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Protestante Digital


Preaching about preaching

We need to be careful not to let our egos creep in and turn an opportunity to serve others into a self-patting exercise.

Photo: [link]Joao Cruz[/link], Unsplash CC0.

I think you have to be very careful when it comes to preaching about preaching.

It is tempting to do so. After all, Christianity is a revelation based faith, flowing from a speaking, self-revealing and relational God, with a big emphasis on the importance of preaching (despite the frequent attempts to deny its importance). 

But to get side-tracked into preaching about preaching seems to be a precarious ledge with some deep ravines on every side. 

For example:


1. Who are the listeners?

If you are preaching at a pastors’ conference then it is probably highly appropriate to preach about preaching.  But if the listeners are a normal congregation, then what is your goal? 

Are you intending to intimidate those who are scared to death of “preaching” (but may be capable of witnessing under other labels . . .)  Are you hoping to train them to discern (and if so, will they discern well as a result, or just discern in line with your personal preferences?)  Or is your goal not so much what the listeners will do with what is said, but to make a comparison?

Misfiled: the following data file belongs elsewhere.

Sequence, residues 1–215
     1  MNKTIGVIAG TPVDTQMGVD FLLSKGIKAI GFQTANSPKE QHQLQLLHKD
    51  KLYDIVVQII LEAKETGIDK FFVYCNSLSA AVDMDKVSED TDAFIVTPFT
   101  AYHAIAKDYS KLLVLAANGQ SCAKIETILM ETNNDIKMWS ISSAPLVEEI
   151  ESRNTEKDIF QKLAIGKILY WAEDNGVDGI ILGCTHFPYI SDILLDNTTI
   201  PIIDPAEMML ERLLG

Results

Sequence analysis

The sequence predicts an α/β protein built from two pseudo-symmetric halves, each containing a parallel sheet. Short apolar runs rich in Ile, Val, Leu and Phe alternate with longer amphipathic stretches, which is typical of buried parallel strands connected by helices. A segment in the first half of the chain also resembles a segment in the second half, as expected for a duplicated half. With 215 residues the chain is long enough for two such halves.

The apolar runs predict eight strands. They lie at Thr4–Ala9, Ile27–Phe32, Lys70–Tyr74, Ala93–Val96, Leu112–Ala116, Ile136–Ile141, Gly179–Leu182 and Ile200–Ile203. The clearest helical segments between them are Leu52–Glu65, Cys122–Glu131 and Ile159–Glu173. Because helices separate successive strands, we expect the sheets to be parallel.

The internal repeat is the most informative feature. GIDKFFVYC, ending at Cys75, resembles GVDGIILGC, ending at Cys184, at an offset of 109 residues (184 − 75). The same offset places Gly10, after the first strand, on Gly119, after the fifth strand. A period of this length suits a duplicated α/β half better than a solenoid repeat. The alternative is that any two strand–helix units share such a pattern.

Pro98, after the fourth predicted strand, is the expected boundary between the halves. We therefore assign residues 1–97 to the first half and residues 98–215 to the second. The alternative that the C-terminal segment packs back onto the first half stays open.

If so, then there is the double danger of criticising inappropriately other servants of the Lord, or of becoming self-laudatory.  There are reasons to preach about preaching, but beware of these dangerous traps.


2. How is your ego?

Anytime we talk about what we give a large chunk of our life to doing, there is a danger that the ego might run free and leave a bitter taste of self-congratulation and arrogance. 

There are different preachers, different approaches to preaching, different theologies propagated through preaching and different schools of thought in respect to every aspect of preaching. 

It is important to think through any inherent critique before you make it. It may be very appropriate to graciously critique some aspects of preaching (i.e. those who do not preach what the text is saying), but very dangerous to critique secondary matters (such as certain styles . . . that preacher who sits on a bar stool and uses humour at times may actually be a far more biblical and Christ-honouring preacher than a more traditional style individual who seems to fit a particular mold you may be comfortable with).

It is sometimes appropriate to preach about preaching (not least when the preaching text is about preaching, although even then, we sometimes need to abstract slightly in order to apply to non-preachers). 

But we need to be careful not to let our egos creep in and turn an opportunity to serve others into a self-patting exercise.  We often get more ego stroking after preaching than we deserve already, let’s not waste our preaching in doing the same for ourselves.

Peter Mead is mentor at Cor Deo and author of several books. He blogs at Biblical Preaching




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